Nov. 21 (Bloomberg) -- U.S. stocks retreated, sending the Standard & Poor’s 500 Index down a fourth straight day, after lawmakers failed to agree on budget cuts and Moody’s Investors Service warned of France’s fiscal challenges.
Bank of America Corp. and Citigroup Inc. slid at least 1.7 percent following losses in European lenders. Mosaic Co. and Halliburton Co. declined more than 1.4 percent as commodities sank. Walgreen Co. dropped 2.1 percent as Morgan Stanley cut its rating on the largest U.S. drugstore chain.
The S&P 500 dropped 1.3 percent to 1,200.34 as of 9:32 a.m. New York time. The benchmark gauge decreased 3.4 percent over the previous three days. The Dow Jones Industrial Average declined 126.02 points, or 1.1 percent, to 11,670.14 today after a Democratic aide said the supercommittee that was supposed to dissolve congressional gridlock in Washington is instead on the brink of failure.
“You’re looking at a potential double whammy,” Barry Knapp, the New York-based head of U.S. equity strategy at Barclays Plc, said in a telephone interview. “The bigger problem is that a deal in the supercommittee was expected to pave the way to extend the stimulus that is in the system. If you don’t get a deal, which is probable, you get a big hit to the economy in the first quarter right at the point when the economic fallout from the European debt crisis is hitting.”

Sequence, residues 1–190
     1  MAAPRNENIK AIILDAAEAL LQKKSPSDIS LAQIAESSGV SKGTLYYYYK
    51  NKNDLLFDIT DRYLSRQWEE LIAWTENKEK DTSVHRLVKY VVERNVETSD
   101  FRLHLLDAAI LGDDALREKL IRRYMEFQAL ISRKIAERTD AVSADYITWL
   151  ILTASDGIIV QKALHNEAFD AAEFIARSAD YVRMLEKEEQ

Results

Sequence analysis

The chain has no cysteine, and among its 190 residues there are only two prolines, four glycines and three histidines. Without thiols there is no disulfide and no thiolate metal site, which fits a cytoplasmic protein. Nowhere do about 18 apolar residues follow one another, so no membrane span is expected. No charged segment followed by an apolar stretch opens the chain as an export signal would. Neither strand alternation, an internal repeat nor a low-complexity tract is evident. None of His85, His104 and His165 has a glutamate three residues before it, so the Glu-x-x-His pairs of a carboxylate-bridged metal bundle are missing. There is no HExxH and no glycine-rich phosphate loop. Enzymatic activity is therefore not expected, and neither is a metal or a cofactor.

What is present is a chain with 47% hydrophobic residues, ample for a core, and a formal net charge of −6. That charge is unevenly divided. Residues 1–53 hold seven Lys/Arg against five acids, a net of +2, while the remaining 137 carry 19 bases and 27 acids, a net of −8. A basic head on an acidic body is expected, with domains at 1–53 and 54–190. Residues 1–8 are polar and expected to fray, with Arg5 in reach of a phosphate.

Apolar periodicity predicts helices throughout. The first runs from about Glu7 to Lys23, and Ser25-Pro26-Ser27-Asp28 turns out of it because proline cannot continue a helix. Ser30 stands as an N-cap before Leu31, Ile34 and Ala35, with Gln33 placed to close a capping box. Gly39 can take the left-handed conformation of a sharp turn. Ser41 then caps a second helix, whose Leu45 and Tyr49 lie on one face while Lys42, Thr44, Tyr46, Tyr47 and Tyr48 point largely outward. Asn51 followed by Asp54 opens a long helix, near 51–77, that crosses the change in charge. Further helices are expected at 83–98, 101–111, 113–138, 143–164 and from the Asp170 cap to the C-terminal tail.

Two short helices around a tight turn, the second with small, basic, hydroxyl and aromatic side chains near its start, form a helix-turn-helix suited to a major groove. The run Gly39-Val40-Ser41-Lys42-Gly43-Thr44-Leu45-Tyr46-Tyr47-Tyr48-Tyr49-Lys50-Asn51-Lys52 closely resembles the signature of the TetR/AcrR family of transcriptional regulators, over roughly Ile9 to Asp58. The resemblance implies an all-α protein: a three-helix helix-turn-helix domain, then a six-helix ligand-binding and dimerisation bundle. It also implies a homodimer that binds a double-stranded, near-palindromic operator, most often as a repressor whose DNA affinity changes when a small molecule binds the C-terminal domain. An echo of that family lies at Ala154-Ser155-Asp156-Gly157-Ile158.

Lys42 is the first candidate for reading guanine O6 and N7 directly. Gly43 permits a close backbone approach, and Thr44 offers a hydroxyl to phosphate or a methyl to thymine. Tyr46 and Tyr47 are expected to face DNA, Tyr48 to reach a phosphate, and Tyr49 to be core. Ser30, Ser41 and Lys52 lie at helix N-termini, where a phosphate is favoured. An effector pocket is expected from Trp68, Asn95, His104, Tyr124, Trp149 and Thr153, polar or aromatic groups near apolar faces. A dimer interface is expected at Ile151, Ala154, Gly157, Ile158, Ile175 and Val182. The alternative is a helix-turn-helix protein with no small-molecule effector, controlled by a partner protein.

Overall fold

Equities slumped last week as higher government bond yields in Spain, France and Italy spurred concern the European debt crisis is intensifying outside Greece. Financial stocks in the S&P 500 slumped 5.6 percent last week, the biggest drop among 10 industries, after Fitch Ratings said further contagion from Europe’s debt turmoil would be a risk for U.S. banks.
Today is the deadline for the Congressional Budget Office to receive information for scoring a proposal in advance of the supercommittee’s Nov. 23 target date for reaching a deal. The 12-member bipartisan supercommittee likely will announce today that it can’t reach agreement on deficit savings, according to a Democratic aide.
“Failure to reach agreement on at least the minimum required savings will reflect poorly on Congress,” David Kostin, a strategist at New York-based Goldman Sachs Group Inc., wrote in a report to clients dated Nov. 18. “It would showcase the inability of elected officials to act in the long-term best interests of all Americans.” Kostin said that may drive the S&P 500 down to 1,100.
Investors also awaited data which will probably show that sales of previously owned homes in the U.S. fell in October for a second month. Concern about Europe’s debt crisis also pushed stocks lower. France’s rising financing costs are increasing the nation’s fiscal challenges, according to report issued by Moody’s Investors Service. Germany’s Finance Ministry said the country’s expansion is “noticeably slower” this quarter.
--Editors: Nick Baker, Michael P. Regan
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